Socialinis statusas ir lytis : geležies amžiaus Rytų Lietuvos socialinės organizacijos analizė

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Mokslo publikacijos / Scientific publications
Document Type:
Straipsnis / Article
Lietuvių kalba / Lithuanian
Socialinis statusas ir lytis: geležies amžiaus Rytų Lietuvos socialinės organizacijos analizė
Alternative Title:
Social status and gender: an analysis of the social organisation of Iron Age East Lithuania
In the Journal:
Lietuvos archeologija. 2009, t. 35, p. 153-192
Kapinynai. Pilkapiai / Barrow. Burials.
Summary / Abstract:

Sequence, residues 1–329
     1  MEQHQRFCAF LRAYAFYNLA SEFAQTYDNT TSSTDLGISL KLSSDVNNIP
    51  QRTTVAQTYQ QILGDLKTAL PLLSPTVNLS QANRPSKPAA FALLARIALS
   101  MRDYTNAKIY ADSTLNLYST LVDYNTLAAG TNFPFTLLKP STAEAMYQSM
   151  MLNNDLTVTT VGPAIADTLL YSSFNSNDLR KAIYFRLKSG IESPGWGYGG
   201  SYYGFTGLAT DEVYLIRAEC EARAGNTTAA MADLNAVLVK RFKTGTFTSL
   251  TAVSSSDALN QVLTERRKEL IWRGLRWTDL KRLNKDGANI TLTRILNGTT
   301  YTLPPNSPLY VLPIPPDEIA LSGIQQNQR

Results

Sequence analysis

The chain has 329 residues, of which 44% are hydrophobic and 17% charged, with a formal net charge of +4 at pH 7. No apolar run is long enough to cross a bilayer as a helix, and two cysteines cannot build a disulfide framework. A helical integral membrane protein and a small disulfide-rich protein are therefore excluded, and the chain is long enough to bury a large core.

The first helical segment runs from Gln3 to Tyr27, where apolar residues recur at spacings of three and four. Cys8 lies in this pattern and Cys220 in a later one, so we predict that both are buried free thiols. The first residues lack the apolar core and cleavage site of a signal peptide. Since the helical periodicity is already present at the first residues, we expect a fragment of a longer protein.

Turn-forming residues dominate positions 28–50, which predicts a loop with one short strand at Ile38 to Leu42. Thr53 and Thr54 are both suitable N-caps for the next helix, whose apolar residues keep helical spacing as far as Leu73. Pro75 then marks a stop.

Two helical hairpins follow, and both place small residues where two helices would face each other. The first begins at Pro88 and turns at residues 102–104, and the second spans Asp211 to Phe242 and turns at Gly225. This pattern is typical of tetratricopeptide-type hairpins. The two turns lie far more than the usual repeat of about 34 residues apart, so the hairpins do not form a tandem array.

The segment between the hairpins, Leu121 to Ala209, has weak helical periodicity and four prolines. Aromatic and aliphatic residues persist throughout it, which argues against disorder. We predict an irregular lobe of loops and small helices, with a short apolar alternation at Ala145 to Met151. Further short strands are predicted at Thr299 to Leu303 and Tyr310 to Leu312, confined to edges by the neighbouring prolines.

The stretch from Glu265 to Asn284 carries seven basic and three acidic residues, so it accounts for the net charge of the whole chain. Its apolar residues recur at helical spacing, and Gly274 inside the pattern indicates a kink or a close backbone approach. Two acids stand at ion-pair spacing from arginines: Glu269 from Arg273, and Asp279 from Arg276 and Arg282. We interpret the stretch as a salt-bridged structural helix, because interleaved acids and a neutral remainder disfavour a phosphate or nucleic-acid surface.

LTStraipsnis skirtas Rytą Lietuvos pilkapių kultūrą palikusių visuomenių socialinės organizacijos tyrimui. Jame lyginamuoju principu analizuojami osteologiškai identifikuoti suaugusių vynį ir moterų kapai. Tyrime apsibrėžti statusą indikuojantys laidosenos elementai:pilkapio konstnikcija, kapo įranga, laidojimas individualiame arba gnipiniame kape, naujame arba anksčiau supiltame pilkapyje, įkapių ir jų tipų skaičius, sąlyginė kompleksų vertė. Kapų apžvalga atskleidžia penkias tarpusavyje susijusias statuso dimensijas. Tai - lytis, amžius, įgyta padėtis, įgimtas statusas ir chronologinė kaita. [Iš leidinio]Reikšminiai žodžiai: Rytų Lietuvos pilkapių kultūra; Laidojimas; Socialinė organizacija; Statusas; Lytis; East Lithuanian barrow culture; Burial; Social organization; Status; Gender.